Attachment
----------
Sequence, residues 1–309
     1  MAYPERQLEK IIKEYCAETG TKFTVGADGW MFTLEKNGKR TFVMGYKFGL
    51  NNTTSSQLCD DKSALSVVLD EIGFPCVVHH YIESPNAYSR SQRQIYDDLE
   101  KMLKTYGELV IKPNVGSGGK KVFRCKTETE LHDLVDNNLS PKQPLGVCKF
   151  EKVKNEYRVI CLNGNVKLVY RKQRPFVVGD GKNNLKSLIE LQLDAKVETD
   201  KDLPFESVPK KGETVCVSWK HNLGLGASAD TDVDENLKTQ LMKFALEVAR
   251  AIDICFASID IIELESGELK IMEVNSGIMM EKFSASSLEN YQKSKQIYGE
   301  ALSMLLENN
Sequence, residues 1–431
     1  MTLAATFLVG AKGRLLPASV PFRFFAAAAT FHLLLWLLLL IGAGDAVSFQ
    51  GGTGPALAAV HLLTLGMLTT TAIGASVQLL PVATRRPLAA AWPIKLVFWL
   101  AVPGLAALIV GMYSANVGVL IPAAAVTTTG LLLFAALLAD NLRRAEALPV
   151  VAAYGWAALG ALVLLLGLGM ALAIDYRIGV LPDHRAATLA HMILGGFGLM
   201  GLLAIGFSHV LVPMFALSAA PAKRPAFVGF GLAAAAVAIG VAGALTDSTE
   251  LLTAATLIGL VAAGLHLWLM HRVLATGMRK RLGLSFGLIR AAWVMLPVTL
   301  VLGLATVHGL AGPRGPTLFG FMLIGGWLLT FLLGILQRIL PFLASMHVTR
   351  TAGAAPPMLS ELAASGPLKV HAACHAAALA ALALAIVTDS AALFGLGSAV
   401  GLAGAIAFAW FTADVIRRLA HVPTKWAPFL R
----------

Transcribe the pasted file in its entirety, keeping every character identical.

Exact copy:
Sequence, residues 1–309
     1  MAYPERQLEK IIKEYCAETG TKFTVGADGW MFTLEKNGKR TFVMGYKFGL
    51  NNTTSSQLCD DKSALSVVLD EIGFPCVVHH YIESPNAYSR SQRQIYDDLE
   101  KMLKTYGELV IKPNVGSGGK KVFRCKTETE LHDLVDNNLS PKQPLGVCKF
   151  EKVKNEYRVI CLNGNVKLVY RKQRPFVVGD GKNNLKSLIE LQLDAKVETD
   201  KDLPFESVPK KGETVCVSWK HNLGLGASAD TDVDENLKTQ LMKFALEVAR
   251  AIDICFASID IIELESGELK IMEVNSGIMM EKFSASSLEN YQKSKQIYGE
   301  ALSMLLENN
Sequence, residues 1–431
     1  MTLAATFLVG AKGRLLPASV PFRFFAAAAT FHLLLWLLLL IGAGDAVSFQ
    51  GGTGPALAAV HLLTLGMLTT TAIGASVQLL PVATRRPLAA AWPIKLVFWL
   101  AVPGLAALIV GMYSANVGVL IPAAAVTTTG LLLFAALLAD NLRRAEALPV
   151  VAAYGWAALG ALVLLLGLGM ALAIDYRIGV LPDHRAATLA HMILGGFGLM
   201  GLLAIGFSHV LVPMFALSAA PAKRPAFVGF GLAAAAVAIG VAGALTDSTE
   251  LLTAATLIGL VAAGLHLWLM HRVLATGMRK RLGLSFGLIR AAWVMLPVTL
   301  VLGLATVHGL AGPRGPTLFG FMLIGGWLLT FLLGILQRIL PFLASMHVTR
   351  TAGAAPPMLS ELAASGPLKV HAACHAAALA ALALAIVTDS AALFGLGSAV
   401  GLAGAIAFAW FTADVIRRLA HVPTKWAPFL R